Low Volatility Factor: High Valuation

Low Vol Does Not Need to Have Low Vol

July 2017. Reading Time: 10 Minutes. Author: Nicolas Rabener.


  • The Low Volatility factor has generated stellar abnormal returns over the last decades
  • Current factor valuations are expensive compared to historical valuations
  • Factor volatility is at record lows and will likely surprise investors going forward


The term “low volatility” has been used increasingly in finance over the last two years, on the one hand for describing the current market conditions and alternatively in reference of the large amounts of low volatility products that have been issued. The later describes investment products that buy stocks with low volatility or beta as academics and finance professionals have concluded that these stocks offer more return for their risk than stocks with higher volatility, which is at odds with traditional finance theory. This phenomena can be explained by several behavioural biases, which are mainly a preference for lottery stocks (think “Tesla”) and restrictions on leverage. In this short research note we will analyse the valuation of the low volatility factor across developed markets (read Value & Quality Factor Valuations).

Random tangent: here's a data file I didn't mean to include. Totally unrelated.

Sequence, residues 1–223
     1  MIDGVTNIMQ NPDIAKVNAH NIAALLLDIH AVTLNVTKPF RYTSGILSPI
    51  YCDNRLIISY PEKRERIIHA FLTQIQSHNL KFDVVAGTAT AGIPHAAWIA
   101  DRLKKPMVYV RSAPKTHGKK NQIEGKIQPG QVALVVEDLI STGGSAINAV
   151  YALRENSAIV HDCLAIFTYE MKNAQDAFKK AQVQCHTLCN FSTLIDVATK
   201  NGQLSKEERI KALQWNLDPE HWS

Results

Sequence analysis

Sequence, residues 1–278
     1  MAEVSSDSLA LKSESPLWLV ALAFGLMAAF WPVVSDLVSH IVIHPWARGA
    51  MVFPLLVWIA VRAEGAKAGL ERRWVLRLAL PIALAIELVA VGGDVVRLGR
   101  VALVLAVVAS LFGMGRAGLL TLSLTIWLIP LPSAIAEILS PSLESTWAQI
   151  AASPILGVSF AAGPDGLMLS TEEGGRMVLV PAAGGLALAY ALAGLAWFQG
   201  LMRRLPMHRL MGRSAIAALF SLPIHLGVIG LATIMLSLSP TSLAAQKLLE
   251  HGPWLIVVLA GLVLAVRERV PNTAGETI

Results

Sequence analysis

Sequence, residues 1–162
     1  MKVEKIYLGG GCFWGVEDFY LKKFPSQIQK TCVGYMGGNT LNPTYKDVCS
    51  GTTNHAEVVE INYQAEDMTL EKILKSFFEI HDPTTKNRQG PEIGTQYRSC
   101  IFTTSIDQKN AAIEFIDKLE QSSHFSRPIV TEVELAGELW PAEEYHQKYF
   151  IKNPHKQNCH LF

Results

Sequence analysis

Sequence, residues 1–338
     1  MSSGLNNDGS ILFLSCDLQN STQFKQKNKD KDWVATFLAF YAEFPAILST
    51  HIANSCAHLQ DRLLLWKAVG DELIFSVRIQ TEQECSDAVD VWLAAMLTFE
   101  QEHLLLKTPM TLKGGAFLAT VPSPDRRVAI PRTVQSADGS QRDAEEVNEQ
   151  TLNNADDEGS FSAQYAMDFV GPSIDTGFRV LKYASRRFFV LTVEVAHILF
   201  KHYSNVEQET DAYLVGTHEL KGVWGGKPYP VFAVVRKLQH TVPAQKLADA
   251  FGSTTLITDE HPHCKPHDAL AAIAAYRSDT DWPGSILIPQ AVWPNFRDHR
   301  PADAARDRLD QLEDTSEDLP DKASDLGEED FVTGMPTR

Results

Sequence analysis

We construct long and short portfolios by ranking stocks according to their one-year volatility. In the US, Europe, and Japan we take the top and bottom 10% of the stock universes while we take the 20% in the other markets due to smaller stock universes. The portfolios are constructed beta-neutral, which does imply significant net exposure as the long portfolio, containing stocks with lower volatility, is levered up while the short portfolio, containing stocks with higher volatility, is levered down. It’s necessary to highlight that the stock universes in Singapore, Hong Kong, and Australia were quite small before 2000, which does have an impact on the meaningfulness of the results.


The chart below shows the performance of the Low Volatility factor (long / short) across developed markets from 1986 to 2017. We can observe positive performance in all markets and similar the trends. The most significant drawdowns were ex